Uğur was born in 1980 in Turkey. He grew up when liberal president Turgut Özal was in power. He started his life from scratch. His father was a veteran of the “Cyprus Peace operation” and his mother was a civil servant. In that period, the entire world was neoliberal. Social states were eroding. For his family of public employees, the future was somewhat “determined.” This was not only a state of being safe and secure due to regular pay, but also because they had clear job descriptions and a good retirement. The meaning Uğur and his family attributed to their jobs was different from the meaning jobs attributed to their lives. When sociologist Richard Sennett described this generation, he refers to the feeling of “someone needs us” still being valid, the sense of belonging that this brings, a clarity about the future, and that, despite everything, there was consistency in life narratives. One of the destructive effects of late capitalism has been the erosion of consistency in individual narratives.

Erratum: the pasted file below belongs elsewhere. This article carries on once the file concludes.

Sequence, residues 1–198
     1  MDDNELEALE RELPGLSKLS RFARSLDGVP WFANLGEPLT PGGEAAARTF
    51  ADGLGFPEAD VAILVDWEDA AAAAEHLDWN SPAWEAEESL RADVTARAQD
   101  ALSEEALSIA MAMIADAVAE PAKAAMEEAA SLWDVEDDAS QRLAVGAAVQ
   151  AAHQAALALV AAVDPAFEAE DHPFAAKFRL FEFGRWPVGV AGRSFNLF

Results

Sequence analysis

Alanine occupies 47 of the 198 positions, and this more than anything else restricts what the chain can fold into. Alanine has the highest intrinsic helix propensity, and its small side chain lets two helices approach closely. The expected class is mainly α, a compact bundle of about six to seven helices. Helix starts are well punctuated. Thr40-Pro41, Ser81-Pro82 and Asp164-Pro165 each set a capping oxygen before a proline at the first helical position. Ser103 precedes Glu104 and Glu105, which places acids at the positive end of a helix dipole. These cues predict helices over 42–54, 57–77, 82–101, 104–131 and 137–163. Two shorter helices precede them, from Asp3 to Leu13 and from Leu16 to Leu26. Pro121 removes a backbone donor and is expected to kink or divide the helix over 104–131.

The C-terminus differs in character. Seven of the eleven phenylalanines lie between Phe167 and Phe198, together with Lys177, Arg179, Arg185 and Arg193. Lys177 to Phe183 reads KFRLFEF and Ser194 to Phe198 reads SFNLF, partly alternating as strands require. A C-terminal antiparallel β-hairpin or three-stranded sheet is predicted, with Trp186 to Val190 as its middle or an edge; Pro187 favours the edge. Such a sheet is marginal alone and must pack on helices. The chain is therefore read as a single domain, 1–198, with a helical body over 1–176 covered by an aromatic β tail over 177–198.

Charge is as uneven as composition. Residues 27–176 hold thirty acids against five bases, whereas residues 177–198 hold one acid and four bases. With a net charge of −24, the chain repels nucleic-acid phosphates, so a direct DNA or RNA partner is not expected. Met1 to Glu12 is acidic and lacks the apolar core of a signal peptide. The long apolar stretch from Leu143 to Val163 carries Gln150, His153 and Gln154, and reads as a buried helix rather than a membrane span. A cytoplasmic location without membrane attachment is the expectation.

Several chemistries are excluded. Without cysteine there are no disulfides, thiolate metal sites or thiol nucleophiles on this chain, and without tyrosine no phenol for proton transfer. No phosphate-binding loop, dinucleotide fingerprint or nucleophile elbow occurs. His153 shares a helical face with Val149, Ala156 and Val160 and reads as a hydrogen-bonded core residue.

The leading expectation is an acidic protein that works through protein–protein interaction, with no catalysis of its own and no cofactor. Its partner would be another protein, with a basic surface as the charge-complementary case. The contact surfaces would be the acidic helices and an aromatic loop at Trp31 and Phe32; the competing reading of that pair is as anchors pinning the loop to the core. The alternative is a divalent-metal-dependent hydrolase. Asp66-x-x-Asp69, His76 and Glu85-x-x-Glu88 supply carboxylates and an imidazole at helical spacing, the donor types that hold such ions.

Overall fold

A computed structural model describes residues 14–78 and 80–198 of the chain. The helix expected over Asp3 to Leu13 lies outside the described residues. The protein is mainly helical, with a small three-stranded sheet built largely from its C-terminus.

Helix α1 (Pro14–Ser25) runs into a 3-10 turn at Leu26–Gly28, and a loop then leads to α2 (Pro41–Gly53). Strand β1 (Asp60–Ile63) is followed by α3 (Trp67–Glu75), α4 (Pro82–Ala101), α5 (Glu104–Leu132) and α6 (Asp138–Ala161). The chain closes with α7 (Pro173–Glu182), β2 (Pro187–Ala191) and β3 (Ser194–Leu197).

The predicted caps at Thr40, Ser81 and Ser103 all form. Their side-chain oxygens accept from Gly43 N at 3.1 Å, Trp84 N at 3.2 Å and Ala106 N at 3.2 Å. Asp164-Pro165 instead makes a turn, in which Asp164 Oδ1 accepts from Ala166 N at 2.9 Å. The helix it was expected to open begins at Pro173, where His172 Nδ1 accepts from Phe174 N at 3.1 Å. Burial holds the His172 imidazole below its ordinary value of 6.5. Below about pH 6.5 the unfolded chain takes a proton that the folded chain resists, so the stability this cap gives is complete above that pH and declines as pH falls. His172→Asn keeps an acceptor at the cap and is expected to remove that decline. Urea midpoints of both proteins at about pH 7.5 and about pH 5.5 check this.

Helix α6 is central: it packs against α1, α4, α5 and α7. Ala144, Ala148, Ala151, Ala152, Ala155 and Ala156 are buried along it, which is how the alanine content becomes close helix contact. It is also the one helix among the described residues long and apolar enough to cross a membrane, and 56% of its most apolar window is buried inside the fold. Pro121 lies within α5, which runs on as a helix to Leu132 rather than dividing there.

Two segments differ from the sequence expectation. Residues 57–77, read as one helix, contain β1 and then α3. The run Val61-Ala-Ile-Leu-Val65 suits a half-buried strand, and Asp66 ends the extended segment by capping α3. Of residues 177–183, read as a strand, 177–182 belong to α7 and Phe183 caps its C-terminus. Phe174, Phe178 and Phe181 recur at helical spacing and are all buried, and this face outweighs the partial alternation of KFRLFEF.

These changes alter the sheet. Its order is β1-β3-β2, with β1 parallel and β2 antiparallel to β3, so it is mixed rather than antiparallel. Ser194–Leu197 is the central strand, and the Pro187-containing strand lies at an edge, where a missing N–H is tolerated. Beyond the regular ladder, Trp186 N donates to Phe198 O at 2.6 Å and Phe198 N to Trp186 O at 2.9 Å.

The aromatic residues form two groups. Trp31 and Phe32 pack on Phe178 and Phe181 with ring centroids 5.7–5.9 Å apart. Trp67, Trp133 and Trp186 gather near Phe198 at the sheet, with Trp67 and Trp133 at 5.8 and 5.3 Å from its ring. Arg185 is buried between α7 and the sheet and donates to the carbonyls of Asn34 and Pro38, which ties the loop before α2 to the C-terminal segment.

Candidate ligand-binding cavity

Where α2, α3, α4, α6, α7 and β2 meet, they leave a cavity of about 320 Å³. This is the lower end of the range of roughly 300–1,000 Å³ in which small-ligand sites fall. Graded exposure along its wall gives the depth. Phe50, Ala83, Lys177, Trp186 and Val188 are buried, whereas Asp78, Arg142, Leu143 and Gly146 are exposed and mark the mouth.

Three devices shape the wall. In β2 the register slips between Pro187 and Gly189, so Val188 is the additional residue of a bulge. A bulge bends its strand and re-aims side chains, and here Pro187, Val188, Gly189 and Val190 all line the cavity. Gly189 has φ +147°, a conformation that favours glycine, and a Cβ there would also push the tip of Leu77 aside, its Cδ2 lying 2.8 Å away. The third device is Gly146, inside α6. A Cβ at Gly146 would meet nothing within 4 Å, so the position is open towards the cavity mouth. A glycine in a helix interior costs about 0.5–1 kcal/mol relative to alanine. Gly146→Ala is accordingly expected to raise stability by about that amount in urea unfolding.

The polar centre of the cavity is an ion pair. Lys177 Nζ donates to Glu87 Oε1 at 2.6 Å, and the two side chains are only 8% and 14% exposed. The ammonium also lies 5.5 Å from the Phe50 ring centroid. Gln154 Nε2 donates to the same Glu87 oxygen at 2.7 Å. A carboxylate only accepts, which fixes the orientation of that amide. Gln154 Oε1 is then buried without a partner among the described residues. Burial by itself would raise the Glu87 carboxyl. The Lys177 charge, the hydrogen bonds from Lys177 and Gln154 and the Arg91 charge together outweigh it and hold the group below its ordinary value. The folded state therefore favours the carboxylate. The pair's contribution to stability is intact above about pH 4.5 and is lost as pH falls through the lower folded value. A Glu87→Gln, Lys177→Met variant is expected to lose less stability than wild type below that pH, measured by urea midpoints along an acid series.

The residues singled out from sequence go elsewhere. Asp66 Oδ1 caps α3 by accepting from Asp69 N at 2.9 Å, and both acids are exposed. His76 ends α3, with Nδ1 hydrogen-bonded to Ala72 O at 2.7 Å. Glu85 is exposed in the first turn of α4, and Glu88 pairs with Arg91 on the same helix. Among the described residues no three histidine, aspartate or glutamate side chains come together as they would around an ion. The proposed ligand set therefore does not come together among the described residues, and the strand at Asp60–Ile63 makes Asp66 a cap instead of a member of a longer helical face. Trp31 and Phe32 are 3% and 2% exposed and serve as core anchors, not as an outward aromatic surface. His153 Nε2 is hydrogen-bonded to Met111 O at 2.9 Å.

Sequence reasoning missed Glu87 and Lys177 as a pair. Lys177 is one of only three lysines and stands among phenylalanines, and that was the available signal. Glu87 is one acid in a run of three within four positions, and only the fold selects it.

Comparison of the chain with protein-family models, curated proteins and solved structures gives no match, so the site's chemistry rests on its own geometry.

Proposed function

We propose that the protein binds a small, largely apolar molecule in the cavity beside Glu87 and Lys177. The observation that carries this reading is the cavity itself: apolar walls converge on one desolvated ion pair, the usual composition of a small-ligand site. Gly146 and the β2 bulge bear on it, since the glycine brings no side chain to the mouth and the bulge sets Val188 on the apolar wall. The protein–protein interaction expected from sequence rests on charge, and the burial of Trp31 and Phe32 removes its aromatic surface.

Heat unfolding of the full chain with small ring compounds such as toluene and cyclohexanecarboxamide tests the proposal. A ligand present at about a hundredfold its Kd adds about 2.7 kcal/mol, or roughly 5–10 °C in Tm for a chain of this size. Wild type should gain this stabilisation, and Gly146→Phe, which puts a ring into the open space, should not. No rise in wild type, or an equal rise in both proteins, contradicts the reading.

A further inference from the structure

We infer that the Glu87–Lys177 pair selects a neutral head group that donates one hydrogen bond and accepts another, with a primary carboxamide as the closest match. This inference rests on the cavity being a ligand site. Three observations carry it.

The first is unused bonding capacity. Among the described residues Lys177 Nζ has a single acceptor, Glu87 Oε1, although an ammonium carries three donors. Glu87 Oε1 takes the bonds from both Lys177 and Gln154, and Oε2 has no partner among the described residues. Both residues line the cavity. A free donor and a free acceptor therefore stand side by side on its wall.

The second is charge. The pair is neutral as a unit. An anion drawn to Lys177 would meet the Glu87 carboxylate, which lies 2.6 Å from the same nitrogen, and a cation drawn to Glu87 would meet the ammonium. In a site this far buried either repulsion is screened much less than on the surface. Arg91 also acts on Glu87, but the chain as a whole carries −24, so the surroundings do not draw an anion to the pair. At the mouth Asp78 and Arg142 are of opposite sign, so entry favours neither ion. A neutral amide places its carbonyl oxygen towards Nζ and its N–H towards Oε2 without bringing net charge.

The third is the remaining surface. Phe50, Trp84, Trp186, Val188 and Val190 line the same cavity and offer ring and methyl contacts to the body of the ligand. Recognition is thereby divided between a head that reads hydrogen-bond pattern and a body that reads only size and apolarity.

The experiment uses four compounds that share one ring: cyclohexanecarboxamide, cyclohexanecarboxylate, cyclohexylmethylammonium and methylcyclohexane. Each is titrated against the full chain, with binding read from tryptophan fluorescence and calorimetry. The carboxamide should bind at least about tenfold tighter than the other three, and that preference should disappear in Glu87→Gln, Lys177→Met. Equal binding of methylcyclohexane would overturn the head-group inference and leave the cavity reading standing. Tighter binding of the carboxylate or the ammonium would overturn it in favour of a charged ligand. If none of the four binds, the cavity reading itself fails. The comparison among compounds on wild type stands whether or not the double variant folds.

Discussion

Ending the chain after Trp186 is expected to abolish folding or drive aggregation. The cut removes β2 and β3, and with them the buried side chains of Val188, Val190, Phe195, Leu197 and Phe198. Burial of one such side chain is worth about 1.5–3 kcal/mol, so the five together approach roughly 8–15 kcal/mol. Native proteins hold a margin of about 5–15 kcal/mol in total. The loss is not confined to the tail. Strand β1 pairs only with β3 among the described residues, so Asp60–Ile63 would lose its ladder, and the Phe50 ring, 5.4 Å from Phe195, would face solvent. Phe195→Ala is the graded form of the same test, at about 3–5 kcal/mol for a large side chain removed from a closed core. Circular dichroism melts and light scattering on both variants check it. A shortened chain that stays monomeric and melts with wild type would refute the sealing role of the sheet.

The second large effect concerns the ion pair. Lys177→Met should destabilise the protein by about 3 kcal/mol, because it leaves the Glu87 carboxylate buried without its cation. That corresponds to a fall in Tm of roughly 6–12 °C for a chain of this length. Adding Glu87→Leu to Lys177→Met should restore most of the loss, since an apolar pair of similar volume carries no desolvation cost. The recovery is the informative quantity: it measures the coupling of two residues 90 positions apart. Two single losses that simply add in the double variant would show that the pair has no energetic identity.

After graduation, Uğur landed a job shortly at a big bank — without even attending one of the best schools in Turkey. This looks very much like a scene from the past century. Today, he talks about his 16 years at the bank like it was an addiction. He explains how he was able to get rid of this addiction as though he was able to save himself from a cult. There is much anger and disgust in his words. He started his bank career as a teller; he worked at four different banks and was always promoted to better positions. He is proud of his success story.